Brown’s Lost Promise: New York City Specialized High Schools as a Case Study in the Illusory Support for Class-Based Affirmative Action

But even if the diversity rationale falls out of favor with the U.S. Supreme Court, New York City’s revamped Discovery program should not. The law that created the program and the manner in which it is applied are class-conscious, not race-conscious. And if the conservative members of the Court ultimately do rule against the City in McAuliffe, they will have demonstrated in plain sight that their support for class-based affirmative action was a rhetorical smokescreen, after all.

Brown’s Lost Promise: Segregation & Affirmative Action In New York City Specialized High Schools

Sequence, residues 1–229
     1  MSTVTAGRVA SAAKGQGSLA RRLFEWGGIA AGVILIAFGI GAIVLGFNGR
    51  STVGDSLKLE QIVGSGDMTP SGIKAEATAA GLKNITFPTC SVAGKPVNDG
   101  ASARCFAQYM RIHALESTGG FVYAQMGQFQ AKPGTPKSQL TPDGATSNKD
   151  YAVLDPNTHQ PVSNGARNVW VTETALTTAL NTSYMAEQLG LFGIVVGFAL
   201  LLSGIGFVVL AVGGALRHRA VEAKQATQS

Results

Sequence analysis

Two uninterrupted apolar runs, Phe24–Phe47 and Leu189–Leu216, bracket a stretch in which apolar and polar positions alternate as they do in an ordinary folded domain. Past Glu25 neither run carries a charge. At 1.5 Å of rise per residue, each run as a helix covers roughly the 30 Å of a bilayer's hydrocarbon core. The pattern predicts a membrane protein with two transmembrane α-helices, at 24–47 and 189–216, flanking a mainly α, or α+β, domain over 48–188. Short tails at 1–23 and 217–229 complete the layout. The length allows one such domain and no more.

New York City is one of the most diverse cities in the United States. However, its schools remain some of the most segregated. The crown jewel of the City’s public education system, Specialized High Schools, are among the nation’s top public institutions. But in a city where over 60 percent of children are Black or Latinx, less than 10 percent of the students admitted into these prestigious schools come from these communities. Due to a 1971 New York state law, admission into the Specialized High Schools is granted solely on the basis of a standardized exam, the Specialized High School Admissions Test, which students can opt to take during their eighth grade.